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Mitchell Chester, the state commissioner of education in Massachusetts, is a huge supporter of charter schools, Common Core, and PARCC testing (he was chair of the PARCC group). He approved a charter school for Brockton, despite loud community opposition. He recently met with parents at the Brockton High School, and when he mentioned the new charter for Brockton, he was met with boos and hissing. The Brockton charter was not ready on time, but received state permission to open in Norwood, 22 miles away. Chester defended the charter on grounds that it was able to recruit nearly 300 students from the Brockton public schools. Parents were unhappy because the Brockton public schools have seen budget cuts, which they attribute to the charter school.
Brockton High School, which has been repeatedly honored (including a front-page story in the NY Times) for excellence, enrolls more than 4,000 students. The charter school, New Heights, will enroll 315 (not there yet). The thousands of students at the public high school will lose programs so that the state can open a charter school to serve the same community.
If New Heights reaches an enrollment of 315 students by October, it will receive $3.96 million in state and local funds, based on early projections, Reis said.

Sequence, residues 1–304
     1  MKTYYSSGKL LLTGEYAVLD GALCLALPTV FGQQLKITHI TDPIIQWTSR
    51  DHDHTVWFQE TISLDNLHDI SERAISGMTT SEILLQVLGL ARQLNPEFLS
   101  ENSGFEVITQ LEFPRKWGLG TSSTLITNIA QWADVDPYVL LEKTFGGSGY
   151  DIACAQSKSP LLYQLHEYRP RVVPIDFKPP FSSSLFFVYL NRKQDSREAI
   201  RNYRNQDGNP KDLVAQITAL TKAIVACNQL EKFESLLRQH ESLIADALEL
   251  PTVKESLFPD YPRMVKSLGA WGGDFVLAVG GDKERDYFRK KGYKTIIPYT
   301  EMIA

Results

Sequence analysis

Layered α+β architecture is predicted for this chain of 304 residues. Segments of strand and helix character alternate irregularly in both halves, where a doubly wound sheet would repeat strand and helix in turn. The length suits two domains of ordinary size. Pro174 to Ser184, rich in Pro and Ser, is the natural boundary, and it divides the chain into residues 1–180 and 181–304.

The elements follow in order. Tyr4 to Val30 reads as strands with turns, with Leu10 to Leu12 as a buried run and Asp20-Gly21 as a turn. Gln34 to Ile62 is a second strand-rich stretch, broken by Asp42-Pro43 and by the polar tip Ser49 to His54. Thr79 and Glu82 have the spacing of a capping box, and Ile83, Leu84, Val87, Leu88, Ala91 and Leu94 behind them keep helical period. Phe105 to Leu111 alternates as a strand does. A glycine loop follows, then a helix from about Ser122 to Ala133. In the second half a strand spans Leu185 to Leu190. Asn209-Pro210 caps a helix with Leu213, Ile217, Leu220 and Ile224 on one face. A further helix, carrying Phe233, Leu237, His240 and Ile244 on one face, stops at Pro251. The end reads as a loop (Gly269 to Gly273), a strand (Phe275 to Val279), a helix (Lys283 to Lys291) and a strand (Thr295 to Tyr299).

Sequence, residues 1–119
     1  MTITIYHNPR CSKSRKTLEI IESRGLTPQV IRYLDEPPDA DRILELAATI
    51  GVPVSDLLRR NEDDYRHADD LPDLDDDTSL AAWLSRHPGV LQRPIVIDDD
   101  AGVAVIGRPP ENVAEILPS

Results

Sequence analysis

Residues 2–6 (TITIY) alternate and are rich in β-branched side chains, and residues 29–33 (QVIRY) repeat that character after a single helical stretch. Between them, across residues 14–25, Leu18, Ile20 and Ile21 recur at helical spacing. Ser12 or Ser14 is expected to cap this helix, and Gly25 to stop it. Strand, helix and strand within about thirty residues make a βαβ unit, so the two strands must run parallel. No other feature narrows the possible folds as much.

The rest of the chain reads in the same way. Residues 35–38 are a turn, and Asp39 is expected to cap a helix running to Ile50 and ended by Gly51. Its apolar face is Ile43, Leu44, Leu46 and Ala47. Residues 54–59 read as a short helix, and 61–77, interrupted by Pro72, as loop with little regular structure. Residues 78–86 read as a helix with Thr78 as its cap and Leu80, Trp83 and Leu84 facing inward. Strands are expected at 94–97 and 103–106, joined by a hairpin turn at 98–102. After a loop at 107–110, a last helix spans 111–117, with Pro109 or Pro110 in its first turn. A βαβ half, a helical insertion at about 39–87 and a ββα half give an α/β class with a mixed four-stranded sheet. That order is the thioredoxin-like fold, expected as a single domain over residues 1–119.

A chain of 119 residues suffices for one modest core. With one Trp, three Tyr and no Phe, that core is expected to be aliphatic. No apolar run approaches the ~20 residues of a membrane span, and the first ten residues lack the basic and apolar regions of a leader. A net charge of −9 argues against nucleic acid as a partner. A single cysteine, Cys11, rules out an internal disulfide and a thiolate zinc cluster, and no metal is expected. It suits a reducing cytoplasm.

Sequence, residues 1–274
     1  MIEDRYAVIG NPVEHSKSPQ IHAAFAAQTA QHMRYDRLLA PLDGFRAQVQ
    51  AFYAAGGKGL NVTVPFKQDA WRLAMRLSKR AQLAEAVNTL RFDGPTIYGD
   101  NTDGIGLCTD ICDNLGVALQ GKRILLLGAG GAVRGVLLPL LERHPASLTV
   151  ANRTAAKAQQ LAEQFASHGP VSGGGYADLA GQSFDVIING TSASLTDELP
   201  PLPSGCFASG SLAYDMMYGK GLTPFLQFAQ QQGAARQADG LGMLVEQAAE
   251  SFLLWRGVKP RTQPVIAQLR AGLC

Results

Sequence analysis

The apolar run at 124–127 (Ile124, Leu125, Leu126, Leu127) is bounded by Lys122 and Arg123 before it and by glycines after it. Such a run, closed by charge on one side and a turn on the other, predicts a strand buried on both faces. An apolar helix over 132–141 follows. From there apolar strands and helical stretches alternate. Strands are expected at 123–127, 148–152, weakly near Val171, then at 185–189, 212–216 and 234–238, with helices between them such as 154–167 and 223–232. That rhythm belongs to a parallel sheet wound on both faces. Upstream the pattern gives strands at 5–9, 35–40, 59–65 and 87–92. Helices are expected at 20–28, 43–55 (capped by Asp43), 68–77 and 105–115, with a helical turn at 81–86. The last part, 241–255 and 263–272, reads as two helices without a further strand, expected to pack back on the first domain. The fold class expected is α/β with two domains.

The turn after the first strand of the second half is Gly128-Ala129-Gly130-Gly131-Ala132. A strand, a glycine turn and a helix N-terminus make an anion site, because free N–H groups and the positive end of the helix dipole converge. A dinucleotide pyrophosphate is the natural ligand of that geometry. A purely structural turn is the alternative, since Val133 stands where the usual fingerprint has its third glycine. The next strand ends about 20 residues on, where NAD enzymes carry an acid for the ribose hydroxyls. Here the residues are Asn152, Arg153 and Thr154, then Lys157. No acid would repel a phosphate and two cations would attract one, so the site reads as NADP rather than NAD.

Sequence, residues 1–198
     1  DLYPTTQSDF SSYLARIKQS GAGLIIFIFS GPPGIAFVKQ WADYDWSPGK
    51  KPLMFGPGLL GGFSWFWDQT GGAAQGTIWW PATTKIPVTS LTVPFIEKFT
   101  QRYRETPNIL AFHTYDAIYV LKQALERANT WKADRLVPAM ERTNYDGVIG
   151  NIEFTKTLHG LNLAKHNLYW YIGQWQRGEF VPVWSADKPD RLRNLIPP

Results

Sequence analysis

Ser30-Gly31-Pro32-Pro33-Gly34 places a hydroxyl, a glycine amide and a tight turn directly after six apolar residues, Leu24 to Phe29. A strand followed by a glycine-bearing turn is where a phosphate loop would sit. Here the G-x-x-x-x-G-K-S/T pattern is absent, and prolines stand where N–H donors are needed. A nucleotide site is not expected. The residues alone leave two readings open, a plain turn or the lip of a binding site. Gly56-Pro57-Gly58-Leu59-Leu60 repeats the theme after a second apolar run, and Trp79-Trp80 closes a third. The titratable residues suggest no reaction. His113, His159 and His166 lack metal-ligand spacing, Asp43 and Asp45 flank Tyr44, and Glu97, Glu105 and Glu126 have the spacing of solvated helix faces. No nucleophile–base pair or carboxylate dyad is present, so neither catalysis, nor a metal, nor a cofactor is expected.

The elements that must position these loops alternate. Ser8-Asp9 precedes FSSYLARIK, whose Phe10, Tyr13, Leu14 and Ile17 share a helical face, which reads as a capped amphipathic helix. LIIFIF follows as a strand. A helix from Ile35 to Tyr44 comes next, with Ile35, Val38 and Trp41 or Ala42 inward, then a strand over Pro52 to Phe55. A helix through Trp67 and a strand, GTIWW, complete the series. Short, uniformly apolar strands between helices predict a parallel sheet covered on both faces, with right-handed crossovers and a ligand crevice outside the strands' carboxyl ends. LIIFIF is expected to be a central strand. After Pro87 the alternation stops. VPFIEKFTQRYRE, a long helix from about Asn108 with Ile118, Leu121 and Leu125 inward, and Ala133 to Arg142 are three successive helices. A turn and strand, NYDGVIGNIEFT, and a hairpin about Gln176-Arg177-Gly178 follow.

Brockton parents like Dominique Cassamajor said that money would be better spent on Brockton Public Schools, including the elementary school attended by her 9-year-old daughter, especially when the district is already dealing with a difficult budget.
“I don’t like it at all,” Cassamajor said. “I know people who have kids in the new school, but it’s just taking away funds from Brockton Public Schools. Everybody has their choices. But to me, it’s taking away money from most of the kids. The classroom already has a deficit. That’s why we are doing the Brockton Kids Count campaign.”
So what is the logic in Brockton? Open a charter for 315 kids and take resources from the high school that serves 4,000+ kids?